There is such solace in the mere sight of water. It clothes us delicately in its blowing salt and scent, gossamer items that medicate the poor soul— Sebastian Barry
The most delighting Sebastian Barry quotes that may be undiscovered and unusual
Because it strikes me there is something greater than judgement. I think it is called mercy.
I am old enough to know that time passing is just a trick, a convenience.
Everything is always there, still unfolding, still happening. The past, the present, and the future, in the noggin eternally, like brushes, combs and ribbons in a handbag.
It is always worth itemising happiness, there is so much of the other thing in a life, you had better put down the markers for happiness while you can.
It is very difficult to be a hero without an audience, although, in a sense, we are each the hero of a peculiar, half-ruined film called our life.
Tears have a better character cried alone. Pity can sometimes be more wolf than dog.
It is funny, but it strikes me that a person without anecdotes that they nurse while they live, and that survive them, are more likely to be utterly lost not only to history but the family following them. Of course this is the fate of most souls, reducing entire lives, no matter how vivid and wonderful, to those sad black names on withering family trees, with half a date dangling after and a question mark.
That is because at the close of the day the ship we sail in is the soul, not the body.
For I did not want him to see, or to question me, for here contains already secrets, and my secrets are my fortune and my sanity.
I haven't really written my plays and books - I've heard them.
The stories are there already, singing in your genes and in your blood.
I rose and moved towards him. You would have done the same yourself. It is an ancient matter. Something propels you towards sudden grief, or perhaps also sometimes repels. You move away. I moved towards it, I couldn't help it.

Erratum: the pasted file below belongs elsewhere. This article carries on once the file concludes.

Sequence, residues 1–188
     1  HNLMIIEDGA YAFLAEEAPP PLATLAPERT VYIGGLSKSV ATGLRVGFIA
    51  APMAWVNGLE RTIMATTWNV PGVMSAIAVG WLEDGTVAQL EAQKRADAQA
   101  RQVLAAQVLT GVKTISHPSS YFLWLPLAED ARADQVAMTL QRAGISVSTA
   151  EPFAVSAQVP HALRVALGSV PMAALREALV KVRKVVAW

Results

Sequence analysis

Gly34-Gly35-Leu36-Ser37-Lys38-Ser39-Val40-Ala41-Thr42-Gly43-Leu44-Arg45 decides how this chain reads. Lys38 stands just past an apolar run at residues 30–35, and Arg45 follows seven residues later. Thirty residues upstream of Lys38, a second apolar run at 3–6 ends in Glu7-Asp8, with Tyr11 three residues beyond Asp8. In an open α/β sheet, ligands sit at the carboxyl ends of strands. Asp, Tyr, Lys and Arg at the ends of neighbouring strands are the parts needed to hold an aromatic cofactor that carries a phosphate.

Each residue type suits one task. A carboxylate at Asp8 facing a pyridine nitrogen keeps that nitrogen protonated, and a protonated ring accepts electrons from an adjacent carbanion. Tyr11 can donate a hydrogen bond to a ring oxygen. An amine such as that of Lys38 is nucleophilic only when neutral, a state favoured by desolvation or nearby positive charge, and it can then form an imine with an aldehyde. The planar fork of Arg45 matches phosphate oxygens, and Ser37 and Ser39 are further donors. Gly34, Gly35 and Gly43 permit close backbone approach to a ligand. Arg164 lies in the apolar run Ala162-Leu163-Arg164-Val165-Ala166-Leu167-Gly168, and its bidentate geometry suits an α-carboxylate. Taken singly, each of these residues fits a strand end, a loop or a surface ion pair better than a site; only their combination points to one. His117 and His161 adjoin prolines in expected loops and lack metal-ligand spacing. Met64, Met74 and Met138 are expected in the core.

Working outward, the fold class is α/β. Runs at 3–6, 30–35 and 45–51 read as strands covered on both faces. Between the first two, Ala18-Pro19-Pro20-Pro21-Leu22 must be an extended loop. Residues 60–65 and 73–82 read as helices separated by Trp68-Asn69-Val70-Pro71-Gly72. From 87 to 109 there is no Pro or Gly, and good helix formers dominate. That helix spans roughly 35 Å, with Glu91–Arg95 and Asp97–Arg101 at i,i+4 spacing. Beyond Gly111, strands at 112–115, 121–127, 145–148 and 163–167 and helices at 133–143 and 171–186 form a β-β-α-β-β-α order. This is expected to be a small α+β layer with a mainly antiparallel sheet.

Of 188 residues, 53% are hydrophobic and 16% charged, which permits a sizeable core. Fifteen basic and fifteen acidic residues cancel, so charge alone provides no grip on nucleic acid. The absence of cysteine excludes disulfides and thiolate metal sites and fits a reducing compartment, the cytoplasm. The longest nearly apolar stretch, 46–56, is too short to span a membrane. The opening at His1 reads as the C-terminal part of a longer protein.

And whatever my life had been up to that day, it was another life after that.
And that is the gospel truth.
The world begins anew with every birth, my father used to say.
He forgot to say, with every death it ends. Or did not think he needed to. Because for a goodly part of his life he worked in a graveyard.
Because faithfulness is not a human question, but a divine one.
It had been a war of kingly poisons, in the air, in the memory, in the blood.
I thought if I was going to live a life in this land I was accidentally born on, I must people it; I must have a history. . .. I'm looking for these people inside me, wherever they may be; that is my form of research.
He loved telling stories. He had been everywhere in the world. The northwest frontier, the landscape of the Hindu Kush, was one of the great landscapes of my childhood because he used to evoke it with his stories. He taught me the sequence of ranks in the British army when I was about eight. I was in the bed with him while he told me everything about his life - except, probably, the real things, because of course you couldn't go there.
I knew immediately something was terribly wrong, but you can know that and not allow the thought in your head, at the front of your head. It dances around at the back, where it can't be controlled. But the front of the head is where the pain begins.
What is the sound of an eighty-nine-year-old heart breaking?
A beard on a man is only a way of hiding something, his face of course, but also the inner matters, like a hedge around a secret garden, or a cover over a bird cage.
There is seldom a difficulty with religion where there is friendship.
After all the world is indeed beautiful and if we were any other creature than man we might be continuously happy in it.
The human animal began as a mere wriggling thing in the ancient seas, struggling out onto land with many regrets. That is what brings us so full of longing to the sea.